So I'm wondering whether an axle with a vertical pulley wheel in centre and line round to a 180 deg servo arm ? Servo actuated by an aux channel but EPA'd back to just do the required angle ?

The nose fixed to the axle ?

To Abuelo about the small hot-wire cutter ... yes I had one years ago based on a hand catapult frame, Americans call it a Slingshot ? similar to this (this ones plastic so not possible with the hot wire)



... with variable hobby train controller to control temp.

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Old 12-07-2013, 08:13 PM   #13
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subscribed

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Old 12-07-2013, 09:38 PM   #14
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I'm odd... I would consider using Pringles cans (or, lighter but expensive, model rocket tube) for the fuselage.

for the droop nose operation I think pull-pull control cables with the nose on a simple axle. I doubt you need a 180 deg servo.
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Old 12-08-2013, 12:23 AM   #15
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Originally Posted by Abuelo View Post
........Has anyone tried or built a hot wire setup like a scroll saw would be? Maybe 6"- 8" of wire perpendicular to a flat table..........
Matter of fact, I did just that...see pics below. I built this to act like a scroll saw with an adjustable fence. I also added a DPDT switch and jacks so that I could use it with a bow. Works great....


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Old 12-08-2013, 12:39 AM   #16
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The bit that concerns me is the vertical rigidity of the fuselage.
Side to side should be ok as the wing will add considerable stiffness over half the fuselage length but it will provide little extra stiffness up and down. It is possible the fuselage may need some top & bottom reinforcement.
Hopefully the 27" long nose section will give me some idea of how much it might flex before I proceed with the whole 7' 6" of it!

The first 3 'half' formers.
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These are the easy ones as they are all the same! The next 11 are all different and only the first 4 are truly circular.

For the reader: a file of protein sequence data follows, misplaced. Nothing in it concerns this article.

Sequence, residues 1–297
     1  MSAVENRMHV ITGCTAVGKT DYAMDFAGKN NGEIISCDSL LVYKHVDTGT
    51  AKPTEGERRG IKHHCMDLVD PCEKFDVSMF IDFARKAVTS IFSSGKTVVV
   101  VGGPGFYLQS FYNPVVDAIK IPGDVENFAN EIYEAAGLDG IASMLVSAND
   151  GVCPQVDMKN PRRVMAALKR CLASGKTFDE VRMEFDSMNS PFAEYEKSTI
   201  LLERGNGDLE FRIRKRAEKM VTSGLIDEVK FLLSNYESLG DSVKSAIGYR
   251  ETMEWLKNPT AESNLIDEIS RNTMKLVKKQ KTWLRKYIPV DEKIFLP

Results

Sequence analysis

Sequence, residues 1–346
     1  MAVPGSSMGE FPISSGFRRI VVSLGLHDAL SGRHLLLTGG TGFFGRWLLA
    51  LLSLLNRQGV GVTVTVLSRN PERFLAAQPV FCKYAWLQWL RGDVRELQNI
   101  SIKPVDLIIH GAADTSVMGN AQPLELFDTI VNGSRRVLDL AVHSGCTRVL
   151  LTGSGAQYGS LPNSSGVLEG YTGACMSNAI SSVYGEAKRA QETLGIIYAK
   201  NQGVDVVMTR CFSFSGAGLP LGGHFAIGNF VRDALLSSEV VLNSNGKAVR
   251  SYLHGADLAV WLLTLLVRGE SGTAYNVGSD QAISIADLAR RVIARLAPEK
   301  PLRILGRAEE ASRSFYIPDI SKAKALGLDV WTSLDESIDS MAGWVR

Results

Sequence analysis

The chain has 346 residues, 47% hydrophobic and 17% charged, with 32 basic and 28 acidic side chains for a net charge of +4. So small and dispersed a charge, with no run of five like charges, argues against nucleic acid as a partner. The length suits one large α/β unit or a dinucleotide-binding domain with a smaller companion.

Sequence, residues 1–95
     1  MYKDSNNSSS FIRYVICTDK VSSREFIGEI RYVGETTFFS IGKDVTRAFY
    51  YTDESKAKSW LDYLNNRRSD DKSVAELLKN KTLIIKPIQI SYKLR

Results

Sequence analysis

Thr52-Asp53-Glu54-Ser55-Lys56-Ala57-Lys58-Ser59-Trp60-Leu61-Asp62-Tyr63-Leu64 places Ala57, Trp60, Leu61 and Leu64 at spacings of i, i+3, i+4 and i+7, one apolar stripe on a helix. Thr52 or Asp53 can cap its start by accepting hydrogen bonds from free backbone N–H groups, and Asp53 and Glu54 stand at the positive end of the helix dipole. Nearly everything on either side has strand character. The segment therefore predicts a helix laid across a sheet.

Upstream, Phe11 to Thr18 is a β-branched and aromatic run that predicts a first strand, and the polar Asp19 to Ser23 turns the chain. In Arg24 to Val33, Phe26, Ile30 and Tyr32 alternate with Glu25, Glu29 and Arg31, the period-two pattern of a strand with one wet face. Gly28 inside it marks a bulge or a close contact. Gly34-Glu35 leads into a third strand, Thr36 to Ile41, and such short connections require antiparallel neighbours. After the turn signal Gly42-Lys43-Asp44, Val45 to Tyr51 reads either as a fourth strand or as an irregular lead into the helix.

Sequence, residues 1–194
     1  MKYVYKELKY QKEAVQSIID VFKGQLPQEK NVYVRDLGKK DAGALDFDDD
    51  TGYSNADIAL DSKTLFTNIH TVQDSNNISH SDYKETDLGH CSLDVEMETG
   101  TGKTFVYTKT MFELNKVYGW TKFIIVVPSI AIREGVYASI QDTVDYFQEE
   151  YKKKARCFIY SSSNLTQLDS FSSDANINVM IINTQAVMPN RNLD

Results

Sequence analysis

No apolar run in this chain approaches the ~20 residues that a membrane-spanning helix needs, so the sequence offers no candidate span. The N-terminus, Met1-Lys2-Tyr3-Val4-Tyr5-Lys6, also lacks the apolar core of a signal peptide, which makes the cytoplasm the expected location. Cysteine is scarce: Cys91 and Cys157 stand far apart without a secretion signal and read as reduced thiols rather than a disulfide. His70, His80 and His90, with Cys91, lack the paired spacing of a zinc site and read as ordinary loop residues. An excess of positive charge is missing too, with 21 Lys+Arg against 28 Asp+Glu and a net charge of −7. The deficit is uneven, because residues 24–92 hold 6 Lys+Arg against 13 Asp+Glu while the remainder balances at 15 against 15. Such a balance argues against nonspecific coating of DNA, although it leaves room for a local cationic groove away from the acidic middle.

I have not yet decided how much of the inside of each former to cut away.

My intention is that the CofG will be achieved with battery at the front of the main part of the fuselage so the nose section will be 'aerodynamic' only and carry no weight.


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Old 12-08-2013, 12:56 AM   #17
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Originally Posted by DEG View Post
Matter of fact, I did just that...see pics below. I built this to act like a scroll saw with an adjustable fence. I also added a DPDT switch and jacks so that I could use it with a bow. Works great....
Looks great and I'm inspired. Like the option of output to either the table or a bow.

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Old 12-08-2013, 04:51 AM   #18
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Abuelo,

Hope you like it. Mine works really well.

Don
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Old 12-08-2013, 07:22 AM   #19
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Simon ... I have same concern ... and is why I will build my nose similar to Schumate's way of laminated layers of foam.

I'm thinking to have the laminations run back to encapsulate the LE of the wing ...

Only problem is keeping dahawk happy with doing the Droop Snoop !! Wondering whether to insert a vertical balsa profile running nose back to pivot .. with similar in the fixed part ...

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Old 12-08-2013, 01:25 PM   #20
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Nigel,